“It’s definitely a change in priorities,” said Jimmy Graham, general manager of Atlantic Canada Bulk Terminal, which owns and operates the yard. “It’s absolutely a new chapter.” The Port of Argentia in Newfoundland and Labrador provides similar services, and across the harbour in Sydney, Novaporte has at least temporarily shelved plans to build a container terminal and struck a deal with a Danish company to develop a marshalling yard.

Meanwhile, other ports have seen declines of late. Cargo volumes handled at the Port of Halifax were down 9.2 percent last year from 2022, to 546,163 TEUs (or twenty-foot equivalent units, the measure of container ports). That’s the worst performance since the pandemic year of 2020. Global trade has slowed in general and imports from Asia to North America have been particularly hit as consumers dial back in the face of higher inflation. Almost every port on the East Coast of North America saw declines. New York and Montreal saw volumes drop 17.7 percent and 10 percent respectively.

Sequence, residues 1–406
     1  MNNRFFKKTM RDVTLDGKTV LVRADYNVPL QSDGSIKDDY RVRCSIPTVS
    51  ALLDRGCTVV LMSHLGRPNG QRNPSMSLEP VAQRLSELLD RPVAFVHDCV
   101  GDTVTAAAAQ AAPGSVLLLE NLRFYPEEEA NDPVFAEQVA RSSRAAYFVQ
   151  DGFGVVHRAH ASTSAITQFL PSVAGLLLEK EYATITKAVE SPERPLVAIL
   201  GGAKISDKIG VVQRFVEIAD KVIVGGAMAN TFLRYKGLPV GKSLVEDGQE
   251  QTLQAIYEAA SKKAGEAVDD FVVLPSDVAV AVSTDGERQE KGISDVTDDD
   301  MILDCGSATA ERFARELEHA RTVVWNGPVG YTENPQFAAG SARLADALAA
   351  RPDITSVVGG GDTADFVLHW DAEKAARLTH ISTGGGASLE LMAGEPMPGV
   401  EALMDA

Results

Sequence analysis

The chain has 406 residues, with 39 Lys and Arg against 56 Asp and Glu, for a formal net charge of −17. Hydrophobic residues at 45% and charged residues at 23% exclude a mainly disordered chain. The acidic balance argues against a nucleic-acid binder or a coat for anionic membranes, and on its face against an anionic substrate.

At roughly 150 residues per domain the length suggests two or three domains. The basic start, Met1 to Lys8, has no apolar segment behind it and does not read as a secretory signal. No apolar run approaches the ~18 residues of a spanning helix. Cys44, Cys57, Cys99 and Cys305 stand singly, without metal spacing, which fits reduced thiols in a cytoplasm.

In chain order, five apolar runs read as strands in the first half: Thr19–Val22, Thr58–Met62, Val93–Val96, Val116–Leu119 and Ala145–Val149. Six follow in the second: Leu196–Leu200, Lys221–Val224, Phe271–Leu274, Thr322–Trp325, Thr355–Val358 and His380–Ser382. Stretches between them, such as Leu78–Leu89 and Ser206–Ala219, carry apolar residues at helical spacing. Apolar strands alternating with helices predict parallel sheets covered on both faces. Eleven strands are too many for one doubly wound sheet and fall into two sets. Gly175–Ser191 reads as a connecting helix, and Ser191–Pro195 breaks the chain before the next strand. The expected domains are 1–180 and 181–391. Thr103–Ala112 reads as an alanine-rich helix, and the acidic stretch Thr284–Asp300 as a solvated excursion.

The number of megaships handled by the port more than doubled, however, from 17 to 45. Singapore-based PSA Halifax, the terminal’s operator, has spent more than $100 million since 2019 on infrastructure upgrades. Last fall it installed two massive cranes to allow its South End terminal to handle the world’s largest ships.

Trade protection

New Brunswick and Nova Scotia have signed a deal governing how they will work together to protect the Chignecto Isthmus, the strip of land that connects the two provinces and is under threat from the rising sea levels and severe storms that come along with global warming.

About $35 billion in trade passes through the isthmus every day, along highways, rail lines and fibre optic cables. The dikes that protect the corridor need to be raised and reinforcing steel walls installed in some areas. The agreement creates a steering committee to oversee the work, and covers everything from hiring a project manager to First Nations consultations to communications about the project.